Rape and terror under the military

09 May 2005 by KELVIN LEWIS

In April, the trial of three ex-members of the Armed Forces Revolutionary Council (AFRC) - the ousted military junta that ruled Sierra Leone in 1997- 1998 and returned to invade Freetown in 1999 - opened at the new chamber of the Special Court for Sierra Leone. The three recently arrived judges were faced with a number of new challenges in court, including the decision by all three defence counsel to stop defending their clients in protest at the suspension of one of their investigators (see inset).

During the hearings, several witnesses said that they had been victims of sexual abuse. One woman told the court that she had been captured in Freetown when the capital was invaded by rebels from the Revolutionary United Front (RUF) and rebel ARFC soldiers on 6 January 1999. She was raped and forced to become a rebel's "wife", adding that she was made to walk from Calaba Town (in the East of Freetown) to Waterloo, a town thirty kilometres away. On the journey, at Allen Town, the witness said that the rebels had cut off a child's hand then cut out his tongue and hung a letter around his neck telling him to take it to their opponent, President Kabbah. She said that members of the Small Boys Unit (SBU), child soldiers recruited by the rebel forces, were made to guard her and stop her from escaping. At the rebel base of Lumpar, the witness alleged that many other women had been forced to become "wives". Another woman from Port Loko, in the North of the country, told the court that she had been handed over by a rebel to a certain "55". The man had ordered her to get undressed and had raped her, before another forcibly took her as his wife.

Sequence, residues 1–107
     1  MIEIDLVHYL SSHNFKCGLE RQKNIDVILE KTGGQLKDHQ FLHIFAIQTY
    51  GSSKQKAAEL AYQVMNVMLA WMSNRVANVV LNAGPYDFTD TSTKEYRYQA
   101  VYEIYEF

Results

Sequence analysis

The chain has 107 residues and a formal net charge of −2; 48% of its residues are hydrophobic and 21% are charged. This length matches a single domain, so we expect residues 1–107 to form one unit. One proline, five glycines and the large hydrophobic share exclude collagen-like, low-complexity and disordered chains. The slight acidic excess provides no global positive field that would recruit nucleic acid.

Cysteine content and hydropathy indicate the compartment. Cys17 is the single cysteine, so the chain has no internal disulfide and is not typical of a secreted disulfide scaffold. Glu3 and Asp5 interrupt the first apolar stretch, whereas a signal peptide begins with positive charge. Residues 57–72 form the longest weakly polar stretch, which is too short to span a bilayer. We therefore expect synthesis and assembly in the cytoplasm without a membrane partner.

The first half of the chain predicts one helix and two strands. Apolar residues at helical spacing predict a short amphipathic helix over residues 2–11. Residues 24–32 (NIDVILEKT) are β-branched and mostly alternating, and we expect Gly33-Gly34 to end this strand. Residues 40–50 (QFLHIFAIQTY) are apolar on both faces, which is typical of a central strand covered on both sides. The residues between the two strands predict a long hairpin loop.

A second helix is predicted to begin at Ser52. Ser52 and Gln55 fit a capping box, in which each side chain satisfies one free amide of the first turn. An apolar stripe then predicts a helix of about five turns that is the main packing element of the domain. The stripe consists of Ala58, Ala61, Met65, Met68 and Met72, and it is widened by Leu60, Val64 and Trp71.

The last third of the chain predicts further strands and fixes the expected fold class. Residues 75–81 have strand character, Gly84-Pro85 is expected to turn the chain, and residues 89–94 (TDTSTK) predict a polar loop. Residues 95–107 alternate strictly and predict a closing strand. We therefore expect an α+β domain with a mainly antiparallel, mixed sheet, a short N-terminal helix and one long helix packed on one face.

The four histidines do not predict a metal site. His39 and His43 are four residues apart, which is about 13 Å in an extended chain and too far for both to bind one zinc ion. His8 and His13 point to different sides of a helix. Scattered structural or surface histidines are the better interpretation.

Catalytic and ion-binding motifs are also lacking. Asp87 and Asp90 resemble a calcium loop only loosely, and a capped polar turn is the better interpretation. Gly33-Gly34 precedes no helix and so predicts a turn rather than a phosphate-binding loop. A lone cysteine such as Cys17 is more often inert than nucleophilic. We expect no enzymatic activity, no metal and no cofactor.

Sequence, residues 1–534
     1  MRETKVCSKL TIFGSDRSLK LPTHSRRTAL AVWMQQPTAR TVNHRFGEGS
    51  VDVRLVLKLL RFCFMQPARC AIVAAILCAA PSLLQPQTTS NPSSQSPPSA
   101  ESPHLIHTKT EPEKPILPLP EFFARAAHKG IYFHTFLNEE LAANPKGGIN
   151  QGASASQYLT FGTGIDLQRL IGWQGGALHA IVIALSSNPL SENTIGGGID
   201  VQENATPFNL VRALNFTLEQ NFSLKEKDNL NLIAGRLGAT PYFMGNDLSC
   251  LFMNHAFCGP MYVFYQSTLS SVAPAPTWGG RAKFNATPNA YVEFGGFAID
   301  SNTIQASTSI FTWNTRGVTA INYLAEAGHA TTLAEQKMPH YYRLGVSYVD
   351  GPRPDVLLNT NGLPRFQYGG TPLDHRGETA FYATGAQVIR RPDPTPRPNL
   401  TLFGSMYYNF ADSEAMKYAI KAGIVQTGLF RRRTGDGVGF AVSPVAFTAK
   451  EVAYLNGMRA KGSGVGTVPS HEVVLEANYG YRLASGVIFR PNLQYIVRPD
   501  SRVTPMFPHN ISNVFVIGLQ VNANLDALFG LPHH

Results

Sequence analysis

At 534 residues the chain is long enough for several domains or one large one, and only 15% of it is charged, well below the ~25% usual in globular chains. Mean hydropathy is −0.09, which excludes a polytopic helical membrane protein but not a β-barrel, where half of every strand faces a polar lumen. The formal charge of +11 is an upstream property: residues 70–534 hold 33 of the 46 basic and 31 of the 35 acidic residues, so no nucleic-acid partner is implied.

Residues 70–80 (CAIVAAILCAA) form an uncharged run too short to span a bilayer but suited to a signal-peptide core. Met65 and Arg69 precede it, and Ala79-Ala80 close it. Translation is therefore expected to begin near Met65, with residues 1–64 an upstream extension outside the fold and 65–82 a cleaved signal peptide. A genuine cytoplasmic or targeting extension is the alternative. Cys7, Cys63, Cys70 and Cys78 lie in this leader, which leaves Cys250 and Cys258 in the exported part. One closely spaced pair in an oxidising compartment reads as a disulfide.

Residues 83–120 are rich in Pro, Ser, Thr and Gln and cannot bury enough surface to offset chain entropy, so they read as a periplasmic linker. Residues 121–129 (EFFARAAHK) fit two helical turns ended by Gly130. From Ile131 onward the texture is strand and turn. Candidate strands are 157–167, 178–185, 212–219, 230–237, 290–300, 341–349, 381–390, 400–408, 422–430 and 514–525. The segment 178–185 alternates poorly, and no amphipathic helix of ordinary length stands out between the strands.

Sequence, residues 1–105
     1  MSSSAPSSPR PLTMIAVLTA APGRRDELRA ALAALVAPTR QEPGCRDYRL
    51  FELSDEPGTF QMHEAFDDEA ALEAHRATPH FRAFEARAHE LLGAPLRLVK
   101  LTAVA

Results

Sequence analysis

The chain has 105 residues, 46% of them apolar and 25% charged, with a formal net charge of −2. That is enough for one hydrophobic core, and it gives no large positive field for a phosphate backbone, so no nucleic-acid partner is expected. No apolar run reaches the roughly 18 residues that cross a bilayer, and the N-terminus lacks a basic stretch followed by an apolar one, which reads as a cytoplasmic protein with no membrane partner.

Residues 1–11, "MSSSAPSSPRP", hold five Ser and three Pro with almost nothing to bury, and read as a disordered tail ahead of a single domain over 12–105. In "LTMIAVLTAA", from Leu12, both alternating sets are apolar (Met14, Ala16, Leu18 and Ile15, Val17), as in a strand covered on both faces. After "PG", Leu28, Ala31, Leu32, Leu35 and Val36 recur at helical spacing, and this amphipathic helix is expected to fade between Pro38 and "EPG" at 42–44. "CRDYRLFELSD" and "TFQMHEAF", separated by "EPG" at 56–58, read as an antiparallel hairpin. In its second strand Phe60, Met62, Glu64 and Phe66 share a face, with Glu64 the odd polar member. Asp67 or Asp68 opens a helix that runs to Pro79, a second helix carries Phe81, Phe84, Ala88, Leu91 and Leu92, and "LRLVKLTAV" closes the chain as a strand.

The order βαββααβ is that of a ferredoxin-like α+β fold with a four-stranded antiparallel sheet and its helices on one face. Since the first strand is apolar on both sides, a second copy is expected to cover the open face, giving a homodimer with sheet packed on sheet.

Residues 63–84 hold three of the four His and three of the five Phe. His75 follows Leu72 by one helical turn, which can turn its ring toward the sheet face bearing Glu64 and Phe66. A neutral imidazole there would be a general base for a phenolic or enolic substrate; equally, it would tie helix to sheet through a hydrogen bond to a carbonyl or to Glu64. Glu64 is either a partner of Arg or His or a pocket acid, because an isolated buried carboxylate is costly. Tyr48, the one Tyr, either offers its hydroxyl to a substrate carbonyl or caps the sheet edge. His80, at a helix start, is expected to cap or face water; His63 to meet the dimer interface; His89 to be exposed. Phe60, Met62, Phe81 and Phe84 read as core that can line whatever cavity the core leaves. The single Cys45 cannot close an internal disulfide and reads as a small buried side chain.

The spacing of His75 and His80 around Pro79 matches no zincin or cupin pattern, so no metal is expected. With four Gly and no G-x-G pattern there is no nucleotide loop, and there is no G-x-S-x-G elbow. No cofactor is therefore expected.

Want to read more?

If you subscribe to a free membership, you can read this article and explore our full archive, dating back to 1997.

Subscribe now

Related articles

21 December 2011 by Thijs Bouwknegt

Being the ICC's Chief Prosecutor is a delicate and politically sensitivejob.ForLuisMorenoOcampo it has been "the best job in the world." Fatou Bensouda will be taking over his office in June. She inhe

07 December 2011 by Thijs Bouwknegt

December 7, 2011 Ivory Coast is the latest playgroundoftheInternationalCriminal Court. This week the courtroom in The Hague became its theatre of justice. Chief Prosecutor Luis Moreno Ocampo proudly p

07 December 2011 by Richard Walker

Four Congolese witnesses testifying at the International Criminal Court (ICC) in The Hague, find themselves caught in a legal wrangle, which could at once set a legal precedent and make them the last

07 December 2011 by Lindy Janssen

Brazil is booming. The economy is expanding and the country is getting ready to host the Football World Cup in 2014 and the Olympics in 2016. But the Latin American giant has not even begun dealing wi

07 December 2011 by Radosa Milutinovic

The primary purpose of the retrial of Ramush Haradinaj, as proclaimed by the International Criminal Tribunal for the former Yugoslavia in its appeal judgement in July, should have been to hear testimonies of two "key" witnesses who proved unwilling to testify in the original trial in 2007. Almost four months into the retrial which started in mid-August, its stated aim has not yet been achieved.